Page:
Tuesday, 12 December 2006

Who is the winner?

“One year to rule us all;
Two parties to divide us all;
And one election to fight it all.”
The present political climate of our college can be aptly described by the above three lines. Even as I write this article, I am not sure whether there will be a college election at all this year as the University and College authorities are trying to make head and tail out of the recent High Court order. Still, to explain to the readers the new bipolar political situation, I would like to set this article against the backdrop of an election; a fight for power.

Before I start analyzing, let me provide some background information for the benefit of Alumni members to bring themselves up-to-date with the recent changes. Two years ago, i.e. before I joined the college, there were mainly three student political parties. The weaklings (read KSU & ABVP) though, got wiser and decided to stand united. Thus was born VOC (Voice Of CET). Though KSU and ABVP are its political parents, VOC in its disclaimer claims itself to be a politically neutral students’ body. So, now the college has a two party political structure with politically active students either leaning to the SFI or VOC.

Readers might have, by now, understood the meaning of the three lines at the top. There is, but, one phrase that I would like to emphasise – ‘divide us all’. One doesn’t have to be a voter to understand the significance of a majority in an election. A 50+ percentage is a frugal necessity for any political party aspiring to come to power. It’s also common knowledge that MH (and to some extent LH) equals SFI. It is this political equation that has helped SFI remain in power for so long. The one-party culture in MH has been good for them as it gave them cohesion and strength. But was it good for the college?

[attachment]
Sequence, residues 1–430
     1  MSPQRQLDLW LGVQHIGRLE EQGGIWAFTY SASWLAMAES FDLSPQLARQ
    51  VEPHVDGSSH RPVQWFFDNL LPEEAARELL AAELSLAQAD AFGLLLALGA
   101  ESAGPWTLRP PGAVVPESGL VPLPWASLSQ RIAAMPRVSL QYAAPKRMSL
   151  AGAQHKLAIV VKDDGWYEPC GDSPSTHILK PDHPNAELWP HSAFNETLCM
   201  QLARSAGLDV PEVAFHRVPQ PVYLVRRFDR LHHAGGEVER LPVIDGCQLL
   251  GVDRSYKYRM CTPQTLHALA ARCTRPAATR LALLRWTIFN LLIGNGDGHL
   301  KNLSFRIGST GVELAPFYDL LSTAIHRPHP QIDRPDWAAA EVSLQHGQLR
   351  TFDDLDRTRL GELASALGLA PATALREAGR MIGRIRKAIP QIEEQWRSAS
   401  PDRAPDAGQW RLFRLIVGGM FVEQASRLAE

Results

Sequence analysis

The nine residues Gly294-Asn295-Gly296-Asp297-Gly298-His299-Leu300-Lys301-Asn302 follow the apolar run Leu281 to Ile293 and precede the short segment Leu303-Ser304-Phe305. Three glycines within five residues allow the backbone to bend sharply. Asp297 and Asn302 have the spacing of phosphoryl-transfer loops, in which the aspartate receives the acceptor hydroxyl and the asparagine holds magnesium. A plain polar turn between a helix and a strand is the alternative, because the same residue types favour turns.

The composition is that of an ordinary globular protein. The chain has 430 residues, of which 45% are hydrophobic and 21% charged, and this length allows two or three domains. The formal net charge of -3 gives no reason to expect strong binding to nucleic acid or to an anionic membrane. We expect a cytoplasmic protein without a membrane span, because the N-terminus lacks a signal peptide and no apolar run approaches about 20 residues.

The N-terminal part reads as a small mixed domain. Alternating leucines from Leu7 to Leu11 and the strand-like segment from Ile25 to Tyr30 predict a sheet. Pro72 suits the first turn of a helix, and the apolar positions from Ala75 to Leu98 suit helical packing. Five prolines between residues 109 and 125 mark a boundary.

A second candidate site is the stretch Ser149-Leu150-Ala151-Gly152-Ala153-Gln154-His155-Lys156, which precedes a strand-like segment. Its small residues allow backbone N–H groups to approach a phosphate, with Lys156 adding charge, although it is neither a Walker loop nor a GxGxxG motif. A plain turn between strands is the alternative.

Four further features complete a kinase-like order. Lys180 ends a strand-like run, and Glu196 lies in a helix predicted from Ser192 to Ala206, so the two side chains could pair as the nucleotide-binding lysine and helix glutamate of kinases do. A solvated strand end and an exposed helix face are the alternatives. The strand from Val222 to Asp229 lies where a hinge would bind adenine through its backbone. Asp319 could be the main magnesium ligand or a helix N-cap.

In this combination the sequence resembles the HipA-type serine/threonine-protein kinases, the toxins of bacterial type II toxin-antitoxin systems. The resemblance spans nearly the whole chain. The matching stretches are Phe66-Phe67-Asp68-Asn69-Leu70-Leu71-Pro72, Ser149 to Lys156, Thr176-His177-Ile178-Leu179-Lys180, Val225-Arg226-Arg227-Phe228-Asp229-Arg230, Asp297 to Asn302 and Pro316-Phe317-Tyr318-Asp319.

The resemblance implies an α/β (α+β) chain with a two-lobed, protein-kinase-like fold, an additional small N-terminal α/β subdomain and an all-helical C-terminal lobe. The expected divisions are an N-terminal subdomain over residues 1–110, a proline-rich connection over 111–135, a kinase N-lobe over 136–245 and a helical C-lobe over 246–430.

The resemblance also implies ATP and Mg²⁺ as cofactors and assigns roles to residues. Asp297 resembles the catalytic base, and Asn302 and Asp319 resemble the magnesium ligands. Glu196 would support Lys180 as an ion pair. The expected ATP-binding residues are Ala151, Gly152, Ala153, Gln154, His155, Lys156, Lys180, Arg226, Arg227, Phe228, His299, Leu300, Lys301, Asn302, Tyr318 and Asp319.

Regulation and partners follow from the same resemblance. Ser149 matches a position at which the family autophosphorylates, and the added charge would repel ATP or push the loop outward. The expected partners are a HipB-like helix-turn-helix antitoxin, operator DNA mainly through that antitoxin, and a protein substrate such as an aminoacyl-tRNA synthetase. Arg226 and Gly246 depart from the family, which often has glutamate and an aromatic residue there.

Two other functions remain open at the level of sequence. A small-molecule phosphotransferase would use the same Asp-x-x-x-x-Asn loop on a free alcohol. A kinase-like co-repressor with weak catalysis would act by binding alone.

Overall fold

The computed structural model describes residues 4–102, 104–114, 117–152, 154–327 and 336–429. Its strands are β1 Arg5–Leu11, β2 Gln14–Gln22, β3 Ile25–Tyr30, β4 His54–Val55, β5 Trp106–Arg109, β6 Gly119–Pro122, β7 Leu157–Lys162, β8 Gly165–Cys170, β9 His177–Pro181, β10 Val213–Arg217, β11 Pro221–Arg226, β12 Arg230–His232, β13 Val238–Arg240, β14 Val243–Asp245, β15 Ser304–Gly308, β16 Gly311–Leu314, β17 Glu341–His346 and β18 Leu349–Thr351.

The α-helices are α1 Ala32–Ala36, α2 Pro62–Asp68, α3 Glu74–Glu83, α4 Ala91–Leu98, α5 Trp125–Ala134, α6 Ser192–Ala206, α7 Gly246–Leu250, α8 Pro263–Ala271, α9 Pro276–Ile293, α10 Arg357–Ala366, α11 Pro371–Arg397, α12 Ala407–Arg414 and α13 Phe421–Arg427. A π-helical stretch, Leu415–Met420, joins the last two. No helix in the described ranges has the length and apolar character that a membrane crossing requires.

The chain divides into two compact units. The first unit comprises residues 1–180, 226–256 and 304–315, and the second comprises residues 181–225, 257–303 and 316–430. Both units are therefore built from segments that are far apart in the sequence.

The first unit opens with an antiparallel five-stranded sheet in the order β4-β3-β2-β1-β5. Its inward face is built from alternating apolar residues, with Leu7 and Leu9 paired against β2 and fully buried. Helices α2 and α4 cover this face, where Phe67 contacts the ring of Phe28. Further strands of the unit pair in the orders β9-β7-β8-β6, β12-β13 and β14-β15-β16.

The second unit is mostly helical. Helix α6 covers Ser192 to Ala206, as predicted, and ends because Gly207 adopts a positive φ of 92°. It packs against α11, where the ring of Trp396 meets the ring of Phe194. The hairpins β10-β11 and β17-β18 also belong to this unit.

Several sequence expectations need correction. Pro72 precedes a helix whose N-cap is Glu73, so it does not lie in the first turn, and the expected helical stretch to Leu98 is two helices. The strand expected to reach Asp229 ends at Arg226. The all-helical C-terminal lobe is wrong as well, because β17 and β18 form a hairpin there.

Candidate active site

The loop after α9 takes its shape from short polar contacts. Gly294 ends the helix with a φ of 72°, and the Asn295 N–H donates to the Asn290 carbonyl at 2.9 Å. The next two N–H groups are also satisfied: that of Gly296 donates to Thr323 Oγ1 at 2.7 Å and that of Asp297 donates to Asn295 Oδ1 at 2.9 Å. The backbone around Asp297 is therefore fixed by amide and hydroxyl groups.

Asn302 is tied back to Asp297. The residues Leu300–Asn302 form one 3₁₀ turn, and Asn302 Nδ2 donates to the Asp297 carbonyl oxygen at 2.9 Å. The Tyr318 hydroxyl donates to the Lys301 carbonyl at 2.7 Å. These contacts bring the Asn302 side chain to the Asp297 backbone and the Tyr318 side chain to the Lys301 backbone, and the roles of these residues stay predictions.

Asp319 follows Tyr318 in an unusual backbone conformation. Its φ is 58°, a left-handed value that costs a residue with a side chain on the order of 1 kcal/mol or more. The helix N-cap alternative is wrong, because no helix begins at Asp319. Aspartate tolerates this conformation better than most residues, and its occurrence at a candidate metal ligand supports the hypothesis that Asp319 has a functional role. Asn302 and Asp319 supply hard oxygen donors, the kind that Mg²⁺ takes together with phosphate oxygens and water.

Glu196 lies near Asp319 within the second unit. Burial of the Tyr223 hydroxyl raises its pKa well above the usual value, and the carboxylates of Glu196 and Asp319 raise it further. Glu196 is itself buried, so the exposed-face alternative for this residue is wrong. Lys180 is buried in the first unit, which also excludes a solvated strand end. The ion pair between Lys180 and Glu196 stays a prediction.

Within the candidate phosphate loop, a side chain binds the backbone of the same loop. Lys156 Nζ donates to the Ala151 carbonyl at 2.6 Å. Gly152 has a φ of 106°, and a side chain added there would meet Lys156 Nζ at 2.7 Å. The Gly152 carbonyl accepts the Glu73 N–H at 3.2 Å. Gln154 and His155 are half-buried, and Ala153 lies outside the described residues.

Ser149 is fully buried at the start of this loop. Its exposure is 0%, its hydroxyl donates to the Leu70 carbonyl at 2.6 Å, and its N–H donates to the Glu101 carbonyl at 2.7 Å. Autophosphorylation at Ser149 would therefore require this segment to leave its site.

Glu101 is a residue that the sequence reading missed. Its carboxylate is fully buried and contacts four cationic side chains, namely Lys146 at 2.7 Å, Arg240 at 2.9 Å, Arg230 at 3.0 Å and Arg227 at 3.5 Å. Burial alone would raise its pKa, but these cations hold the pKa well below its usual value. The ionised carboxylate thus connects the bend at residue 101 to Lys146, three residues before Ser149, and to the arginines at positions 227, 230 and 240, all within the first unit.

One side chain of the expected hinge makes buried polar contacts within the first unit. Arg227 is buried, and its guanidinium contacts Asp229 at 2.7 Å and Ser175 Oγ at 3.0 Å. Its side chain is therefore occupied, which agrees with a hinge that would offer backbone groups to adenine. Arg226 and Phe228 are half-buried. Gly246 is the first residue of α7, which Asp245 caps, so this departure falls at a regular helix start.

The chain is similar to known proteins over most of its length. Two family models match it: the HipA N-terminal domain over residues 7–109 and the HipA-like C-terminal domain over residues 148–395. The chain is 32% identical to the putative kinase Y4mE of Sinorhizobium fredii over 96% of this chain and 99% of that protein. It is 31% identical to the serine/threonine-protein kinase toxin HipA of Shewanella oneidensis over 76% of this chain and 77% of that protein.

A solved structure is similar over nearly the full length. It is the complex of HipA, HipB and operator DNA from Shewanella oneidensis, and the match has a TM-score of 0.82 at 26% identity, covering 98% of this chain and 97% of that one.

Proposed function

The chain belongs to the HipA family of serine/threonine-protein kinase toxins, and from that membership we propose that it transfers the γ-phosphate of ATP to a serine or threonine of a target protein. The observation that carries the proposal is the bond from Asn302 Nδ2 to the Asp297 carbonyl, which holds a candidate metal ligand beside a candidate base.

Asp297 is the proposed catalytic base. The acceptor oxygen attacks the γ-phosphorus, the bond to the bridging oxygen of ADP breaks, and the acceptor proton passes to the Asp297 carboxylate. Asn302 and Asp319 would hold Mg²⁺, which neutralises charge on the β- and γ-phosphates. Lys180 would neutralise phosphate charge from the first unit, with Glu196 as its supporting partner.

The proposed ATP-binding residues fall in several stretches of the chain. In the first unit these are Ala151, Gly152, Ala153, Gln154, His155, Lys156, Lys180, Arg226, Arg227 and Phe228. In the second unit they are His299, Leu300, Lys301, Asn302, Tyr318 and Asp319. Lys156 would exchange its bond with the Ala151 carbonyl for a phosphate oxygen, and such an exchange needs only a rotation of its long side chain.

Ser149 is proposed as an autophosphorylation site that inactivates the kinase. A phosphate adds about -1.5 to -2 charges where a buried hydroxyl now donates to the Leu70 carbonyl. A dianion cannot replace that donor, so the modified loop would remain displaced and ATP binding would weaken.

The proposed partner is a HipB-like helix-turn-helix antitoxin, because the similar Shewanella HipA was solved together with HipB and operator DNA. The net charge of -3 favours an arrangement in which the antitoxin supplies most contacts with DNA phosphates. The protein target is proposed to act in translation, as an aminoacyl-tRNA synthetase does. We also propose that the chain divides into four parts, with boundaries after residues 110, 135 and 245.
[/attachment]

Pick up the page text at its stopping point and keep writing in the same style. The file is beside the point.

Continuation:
MH is a ‘fixed’ vote bank for SFI. A few hundred more votes and the victory of their candidate is certain. This was enough when the opposition was splintered. But with the opposition deciding to fight on a common plank things changed. VOC can never dream of making inroads into the impervious Red Fort of SFI – MH. But then the votes from MH doesn’t really matter if the rest of the college unitedly votes for them; after all MH accounts for only 600 out of the total 2500 eligible voters. The problem was, there was no single force or person to unite the splintered votes (mainly that of Day Scholars).

This is where the shrewd political strategists in VOC drew inspiration from Lord Curzon and his policy of ‘Divide and Rule’. To consolidate the ‘other’ (everything except MH) votes, VOC decided to champion the cause of Dayschis. If SFI is for MH then VOC is for Dayschis became the unproclaimed political slogan. How far they have been successful can be said only after the next elections.

The writing on the wall is clear with SFI (read Union) and VOC (read Opposition) deciding to conduct separate youth festivals, mock placement tests and strikes. You may call it double dhamaka offer. But I would have preferred one of each, organized by the ‘students of CET’. All this, vindicates my views on student politics and the need for reforms in Kerala’s College campuses. Before my analysis becomes an overdose of criticism, let me stop.

The White Smoke: - As school students we have learnt History. Wise men believe, learning History is to learn our past mistakes. The seeds of divisive, hatred politics have only been sown. Let us stand united and fight it; a fight for our CET.

This article was written when I was in my Fifth Semester and before the College elections for that year had been held. The original article was first published in www.cetafi.net

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